Julian Assange: 'When you post to Facebook, you're being a rat' | Books | theguardian.com

Julian Assange: ‘When you post to Facebook, you’re being a rat’ | Books | theguardian.com.

Assange joins party for his book When Google Met WikiLeaks to discuss the consequences of Google’s power in the 21st century

AUCKLAND, NEW ZEALAND - SEPTEMBER 15:  Julian Assange appears on screen to discuss the revelations about New Zealand's mass surveillance at Auckland Town Hall on September 15, 2014 in Auckland, New Zealand.  The general election in New Zealand will be held this weekend, on 20 September 2014.  (Photo by Hannah Peters/Getty Images)Politics
‘[Google chairman] Eric Schmidt is actually quite similar to me … Only he’s very banal,’ Assange said. Photograph: Hannah Peters/Getty

How does a wanted man have a book party? On Wednesday night at Babycastles, a Manhattan videogame-art collective, Julian Assange celebrated the publication of his new book, When Google Met WikiLeaks. He was present via videochat. The collectivists projected him on their walls. A crowd had formed to see the shining-haired hacker king – youngish New Yorkers, mostly. They stood or sat and drank beers as Assange talked about the internet.

Assange said: “Compare the mission statements of Google and the NSA – the NSA, who literally say, ‘We want to collect all private information, pool it, store it, sort it, index it, and exploit it.’ Whereas Google says, ‘We want to collect all private information, pool it, store it, sort it, and sell those profiles to advertisers.’ Really, they’re almost identical.”

He said, “Every time you go to a party and take a picture and post that picture to Facebook, you’re being a rat. You’re being a narc.”

Assange now wears a beard. It fuzzed as the feed wavered.

“People who use Google are the product,” he said.


Un intelectual rockstar en la cota mil – El Mostrador

Un intelectual rockstar en la cota mil – El Mostrador.

Está entre los 100 personajes más influyentes según la revista Times, debido a sus libros y series sobre la historia económica y financiera de la humanidad. El académico y best sellers expuso ante un auditorio lleno sobre los mil metros del nivel del mar lo que es su visión para entender la historia. Esto fue lo que pasó.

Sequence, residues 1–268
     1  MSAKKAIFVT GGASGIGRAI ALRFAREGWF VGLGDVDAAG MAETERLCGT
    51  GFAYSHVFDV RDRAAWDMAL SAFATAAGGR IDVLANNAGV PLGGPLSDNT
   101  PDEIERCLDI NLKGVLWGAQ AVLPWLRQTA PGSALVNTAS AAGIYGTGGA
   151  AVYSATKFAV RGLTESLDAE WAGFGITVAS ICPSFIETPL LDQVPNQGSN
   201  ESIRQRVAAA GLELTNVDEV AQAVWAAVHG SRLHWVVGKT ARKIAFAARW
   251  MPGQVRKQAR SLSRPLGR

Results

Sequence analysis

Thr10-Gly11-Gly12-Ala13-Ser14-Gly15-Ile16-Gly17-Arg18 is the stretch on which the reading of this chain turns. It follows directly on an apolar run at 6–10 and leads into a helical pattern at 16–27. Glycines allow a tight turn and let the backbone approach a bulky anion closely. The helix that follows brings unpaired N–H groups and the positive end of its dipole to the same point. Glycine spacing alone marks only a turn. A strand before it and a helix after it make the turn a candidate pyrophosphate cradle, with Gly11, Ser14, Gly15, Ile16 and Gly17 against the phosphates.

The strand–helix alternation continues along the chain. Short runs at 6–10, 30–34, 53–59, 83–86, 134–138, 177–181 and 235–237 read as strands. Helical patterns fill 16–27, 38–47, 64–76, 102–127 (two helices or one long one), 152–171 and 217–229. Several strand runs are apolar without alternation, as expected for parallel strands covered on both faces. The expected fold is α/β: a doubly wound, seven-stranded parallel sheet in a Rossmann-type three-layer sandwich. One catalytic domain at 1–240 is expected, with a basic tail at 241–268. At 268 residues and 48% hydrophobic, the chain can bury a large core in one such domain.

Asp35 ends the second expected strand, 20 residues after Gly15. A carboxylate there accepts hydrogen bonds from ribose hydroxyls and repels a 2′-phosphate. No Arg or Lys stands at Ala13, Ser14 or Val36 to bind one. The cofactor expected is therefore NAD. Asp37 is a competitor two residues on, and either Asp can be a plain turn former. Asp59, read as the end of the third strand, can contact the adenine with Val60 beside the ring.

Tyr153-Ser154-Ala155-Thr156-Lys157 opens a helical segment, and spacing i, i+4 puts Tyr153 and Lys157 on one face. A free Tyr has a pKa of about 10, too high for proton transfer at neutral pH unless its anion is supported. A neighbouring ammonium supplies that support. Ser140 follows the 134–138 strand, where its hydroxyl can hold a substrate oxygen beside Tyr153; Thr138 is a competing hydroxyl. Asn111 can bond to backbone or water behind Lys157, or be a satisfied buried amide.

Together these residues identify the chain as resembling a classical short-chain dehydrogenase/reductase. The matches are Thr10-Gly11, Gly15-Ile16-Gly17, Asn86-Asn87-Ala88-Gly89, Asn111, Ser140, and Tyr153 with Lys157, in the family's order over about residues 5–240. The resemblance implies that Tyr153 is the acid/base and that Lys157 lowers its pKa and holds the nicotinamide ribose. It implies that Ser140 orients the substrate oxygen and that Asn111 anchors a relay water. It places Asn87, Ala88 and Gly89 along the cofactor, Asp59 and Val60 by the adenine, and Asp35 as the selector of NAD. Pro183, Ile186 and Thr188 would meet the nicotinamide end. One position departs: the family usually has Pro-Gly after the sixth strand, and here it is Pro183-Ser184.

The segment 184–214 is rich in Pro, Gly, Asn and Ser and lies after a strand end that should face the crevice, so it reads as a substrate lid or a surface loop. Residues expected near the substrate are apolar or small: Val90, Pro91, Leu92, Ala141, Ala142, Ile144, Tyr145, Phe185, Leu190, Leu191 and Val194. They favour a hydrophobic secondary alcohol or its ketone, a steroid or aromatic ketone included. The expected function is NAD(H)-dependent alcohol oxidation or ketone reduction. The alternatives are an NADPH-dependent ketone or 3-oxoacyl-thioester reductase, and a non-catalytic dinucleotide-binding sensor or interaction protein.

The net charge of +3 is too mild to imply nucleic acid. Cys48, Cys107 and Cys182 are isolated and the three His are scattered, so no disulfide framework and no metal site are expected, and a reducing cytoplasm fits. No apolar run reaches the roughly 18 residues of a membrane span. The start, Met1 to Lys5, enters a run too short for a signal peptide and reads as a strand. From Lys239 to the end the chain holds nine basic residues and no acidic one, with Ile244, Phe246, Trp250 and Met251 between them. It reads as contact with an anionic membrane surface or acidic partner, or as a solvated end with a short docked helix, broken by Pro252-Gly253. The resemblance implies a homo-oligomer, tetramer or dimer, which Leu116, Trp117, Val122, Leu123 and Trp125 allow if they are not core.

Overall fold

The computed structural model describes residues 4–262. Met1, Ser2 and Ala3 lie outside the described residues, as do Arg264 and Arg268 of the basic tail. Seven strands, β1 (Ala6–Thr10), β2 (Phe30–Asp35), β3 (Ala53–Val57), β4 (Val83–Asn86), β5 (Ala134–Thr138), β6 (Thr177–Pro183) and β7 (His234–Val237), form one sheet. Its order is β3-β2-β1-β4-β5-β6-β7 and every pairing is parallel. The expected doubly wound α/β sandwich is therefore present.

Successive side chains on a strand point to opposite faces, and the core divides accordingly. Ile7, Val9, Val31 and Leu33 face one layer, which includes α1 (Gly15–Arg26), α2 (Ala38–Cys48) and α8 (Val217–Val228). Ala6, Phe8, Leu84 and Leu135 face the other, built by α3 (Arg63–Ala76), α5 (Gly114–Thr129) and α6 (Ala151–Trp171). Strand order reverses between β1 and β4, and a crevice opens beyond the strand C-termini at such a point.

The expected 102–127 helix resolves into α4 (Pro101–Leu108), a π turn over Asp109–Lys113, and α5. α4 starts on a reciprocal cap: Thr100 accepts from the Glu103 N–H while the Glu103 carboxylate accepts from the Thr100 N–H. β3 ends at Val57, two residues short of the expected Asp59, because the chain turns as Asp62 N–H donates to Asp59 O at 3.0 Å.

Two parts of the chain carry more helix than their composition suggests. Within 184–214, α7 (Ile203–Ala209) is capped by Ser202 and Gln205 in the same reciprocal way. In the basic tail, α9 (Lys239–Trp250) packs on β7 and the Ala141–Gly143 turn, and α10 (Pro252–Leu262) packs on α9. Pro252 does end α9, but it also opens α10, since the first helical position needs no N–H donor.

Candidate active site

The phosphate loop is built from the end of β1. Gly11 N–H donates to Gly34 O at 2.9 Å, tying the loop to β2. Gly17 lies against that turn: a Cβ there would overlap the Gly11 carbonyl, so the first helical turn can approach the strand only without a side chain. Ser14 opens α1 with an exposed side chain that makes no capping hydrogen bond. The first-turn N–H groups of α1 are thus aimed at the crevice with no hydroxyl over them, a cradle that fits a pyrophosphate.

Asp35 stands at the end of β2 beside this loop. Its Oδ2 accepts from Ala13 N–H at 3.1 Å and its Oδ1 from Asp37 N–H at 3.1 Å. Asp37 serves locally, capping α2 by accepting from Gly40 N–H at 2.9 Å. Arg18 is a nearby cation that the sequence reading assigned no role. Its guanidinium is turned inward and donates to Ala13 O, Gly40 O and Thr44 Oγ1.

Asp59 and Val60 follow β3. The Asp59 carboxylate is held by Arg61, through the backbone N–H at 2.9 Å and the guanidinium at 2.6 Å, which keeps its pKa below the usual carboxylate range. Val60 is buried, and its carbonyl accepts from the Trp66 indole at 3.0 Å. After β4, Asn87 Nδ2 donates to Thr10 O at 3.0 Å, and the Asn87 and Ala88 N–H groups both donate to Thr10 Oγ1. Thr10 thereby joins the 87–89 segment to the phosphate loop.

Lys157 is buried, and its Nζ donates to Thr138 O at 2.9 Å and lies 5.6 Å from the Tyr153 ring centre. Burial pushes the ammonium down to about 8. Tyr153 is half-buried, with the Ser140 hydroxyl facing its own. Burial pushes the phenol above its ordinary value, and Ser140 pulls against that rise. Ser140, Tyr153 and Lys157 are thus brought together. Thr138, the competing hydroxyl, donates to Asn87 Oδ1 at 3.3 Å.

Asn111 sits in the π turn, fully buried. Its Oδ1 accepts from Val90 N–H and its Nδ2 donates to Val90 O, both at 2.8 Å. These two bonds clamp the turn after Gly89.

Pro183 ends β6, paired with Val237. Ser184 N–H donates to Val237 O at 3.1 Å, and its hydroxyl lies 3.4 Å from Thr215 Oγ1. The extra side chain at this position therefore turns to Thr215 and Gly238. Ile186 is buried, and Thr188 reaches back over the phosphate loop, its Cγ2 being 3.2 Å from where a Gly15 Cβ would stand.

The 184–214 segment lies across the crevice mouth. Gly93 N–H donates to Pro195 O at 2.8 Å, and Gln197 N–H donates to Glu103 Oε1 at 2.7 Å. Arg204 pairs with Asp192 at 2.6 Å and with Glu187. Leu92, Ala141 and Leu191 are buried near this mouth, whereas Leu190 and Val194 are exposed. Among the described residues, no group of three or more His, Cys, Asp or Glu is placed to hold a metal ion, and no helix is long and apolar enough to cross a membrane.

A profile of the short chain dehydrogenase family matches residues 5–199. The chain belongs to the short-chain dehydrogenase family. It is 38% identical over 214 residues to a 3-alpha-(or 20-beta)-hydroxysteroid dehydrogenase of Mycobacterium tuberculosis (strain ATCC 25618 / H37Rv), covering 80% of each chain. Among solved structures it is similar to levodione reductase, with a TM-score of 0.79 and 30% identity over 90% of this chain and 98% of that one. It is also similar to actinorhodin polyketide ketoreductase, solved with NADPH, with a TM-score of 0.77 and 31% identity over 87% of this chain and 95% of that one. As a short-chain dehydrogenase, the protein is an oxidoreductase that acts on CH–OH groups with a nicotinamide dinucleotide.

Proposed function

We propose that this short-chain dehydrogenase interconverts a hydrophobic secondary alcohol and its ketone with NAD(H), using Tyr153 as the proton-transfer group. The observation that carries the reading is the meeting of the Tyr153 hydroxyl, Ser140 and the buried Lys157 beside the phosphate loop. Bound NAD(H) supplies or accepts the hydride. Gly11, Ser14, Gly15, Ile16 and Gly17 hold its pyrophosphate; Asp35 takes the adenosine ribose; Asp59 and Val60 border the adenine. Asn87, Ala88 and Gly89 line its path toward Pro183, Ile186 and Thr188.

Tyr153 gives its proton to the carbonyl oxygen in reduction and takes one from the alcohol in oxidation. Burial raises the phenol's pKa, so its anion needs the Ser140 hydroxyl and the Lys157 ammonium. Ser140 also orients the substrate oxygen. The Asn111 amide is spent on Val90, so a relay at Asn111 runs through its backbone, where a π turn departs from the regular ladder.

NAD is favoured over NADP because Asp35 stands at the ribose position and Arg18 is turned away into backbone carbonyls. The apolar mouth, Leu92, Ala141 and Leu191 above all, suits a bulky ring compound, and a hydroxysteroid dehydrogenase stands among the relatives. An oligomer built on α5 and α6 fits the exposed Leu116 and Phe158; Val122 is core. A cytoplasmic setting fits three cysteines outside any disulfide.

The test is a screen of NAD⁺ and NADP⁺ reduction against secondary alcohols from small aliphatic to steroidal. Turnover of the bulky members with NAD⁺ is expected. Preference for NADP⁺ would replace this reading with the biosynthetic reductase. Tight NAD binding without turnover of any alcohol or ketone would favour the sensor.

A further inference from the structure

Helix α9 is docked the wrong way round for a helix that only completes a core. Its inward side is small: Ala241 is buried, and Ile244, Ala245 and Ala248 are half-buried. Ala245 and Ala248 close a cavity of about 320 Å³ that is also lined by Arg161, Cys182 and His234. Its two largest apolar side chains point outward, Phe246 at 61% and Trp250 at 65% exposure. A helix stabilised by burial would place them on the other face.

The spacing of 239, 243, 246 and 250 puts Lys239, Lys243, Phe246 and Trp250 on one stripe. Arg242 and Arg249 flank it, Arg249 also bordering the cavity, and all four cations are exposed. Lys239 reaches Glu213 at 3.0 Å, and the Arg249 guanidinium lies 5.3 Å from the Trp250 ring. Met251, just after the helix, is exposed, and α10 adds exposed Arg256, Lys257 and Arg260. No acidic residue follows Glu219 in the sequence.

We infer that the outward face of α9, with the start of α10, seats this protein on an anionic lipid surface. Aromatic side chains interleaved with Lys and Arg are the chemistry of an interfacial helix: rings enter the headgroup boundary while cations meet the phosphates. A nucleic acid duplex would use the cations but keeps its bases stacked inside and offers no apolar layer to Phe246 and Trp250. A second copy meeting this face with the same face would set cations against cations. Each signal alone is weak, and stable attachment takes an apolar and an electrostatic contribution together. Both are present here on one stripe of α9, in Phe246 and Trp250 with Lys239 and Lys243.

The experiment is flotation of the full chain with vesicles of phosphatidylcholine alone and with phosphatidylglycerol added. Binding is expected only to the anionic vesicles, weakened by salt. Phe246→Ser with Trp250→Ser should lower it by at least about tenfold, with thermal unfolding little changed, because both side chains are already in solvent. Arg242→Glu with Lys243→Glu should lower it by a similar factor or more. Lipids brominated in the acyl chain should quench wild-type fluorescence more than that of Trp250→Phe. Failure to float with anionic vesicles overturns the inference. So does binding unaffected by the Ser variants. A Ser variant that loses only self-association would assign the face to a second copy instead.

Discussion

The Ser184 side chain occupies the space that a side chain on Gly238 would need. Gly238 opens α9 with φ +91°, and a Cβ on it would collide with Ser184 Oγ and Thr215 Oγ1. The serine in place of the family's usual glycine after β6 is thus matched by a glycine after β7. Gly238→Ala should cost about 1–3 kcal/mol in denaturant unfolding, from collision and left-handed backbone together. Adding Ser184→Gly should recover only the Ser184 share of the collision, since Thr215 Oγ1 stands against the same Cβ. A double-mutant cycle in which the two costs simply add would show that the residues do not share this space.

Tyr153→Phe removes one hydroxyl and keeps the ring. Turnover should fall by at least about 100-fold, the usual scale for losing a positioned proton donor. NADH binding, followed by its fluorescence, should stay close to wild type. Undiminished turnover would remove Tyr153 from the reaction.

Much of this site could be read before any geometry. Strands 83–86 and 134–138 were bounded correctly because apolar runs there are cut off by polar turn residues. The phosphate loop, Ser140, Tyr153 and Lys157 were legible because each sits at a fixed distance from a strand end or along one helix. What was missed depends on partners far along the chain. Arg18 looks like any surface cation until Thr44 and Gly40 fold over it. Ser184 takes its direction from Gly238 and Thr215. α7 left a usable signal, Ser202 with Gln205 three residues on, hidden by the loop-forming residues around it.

NF

La charla arranca en media hora, el auditorio está lleno y en la fila de atrás dos estudiantes discuten su futuro.

–Yo me quiero ir a Río de Janeiro, París o Singapur, cachai?

–Sí, pero ¿altiro?

–Sí. Me gustaría especializarme en economía, negocios, management y finanzas. Quedaría papo pos.

La divagación sobre el futuro de los estudiantes continúa pero se suman otros horizontes, como las universidades de Oxford, Columbia y Harvard. Mientras, en la primera fila se acomodan los académicos de la UAI: Lucía Santa Cruz, Andrea Repetto y Ascanio Cavallo, entre otros.

El ruido de conversación en el auditorio es total. Aparece Niall Ferguson, de traje, alto y con una barba que le da un aire marxista, según él, aunque no lo sea. Baja la escalera y el auditorio lo recibe con aplausos.

El historiador económico británico llegó hasta las faldas de la cordillera para ser incorporado al selecto club de académicos honoríficos de la universidad, entre los que se cuentan al Nobel de Economía y padre del liberalismo, Milton Friedman, y al otro Nobel y liberal, Friedrich Hayek.

Méritos no le faltan. Ferguson ha escrito cinco libros, una gran cantidad de artículos académicos y su exposición en TED del 2011 tiene más de un millón 352 mil reproducciones. Además, ha producido cuatro series de televisión entre 2003 y 2011 en las que expone sus tesis sobre el dinero, la civilización y el desarrollo de la humanidad. Su estilo directo y satírico junto a afirmaciones como que los “incas no tenían una percepción real del dinero” en el documental El Ascenso del Dinero, le han generado varios enemigos.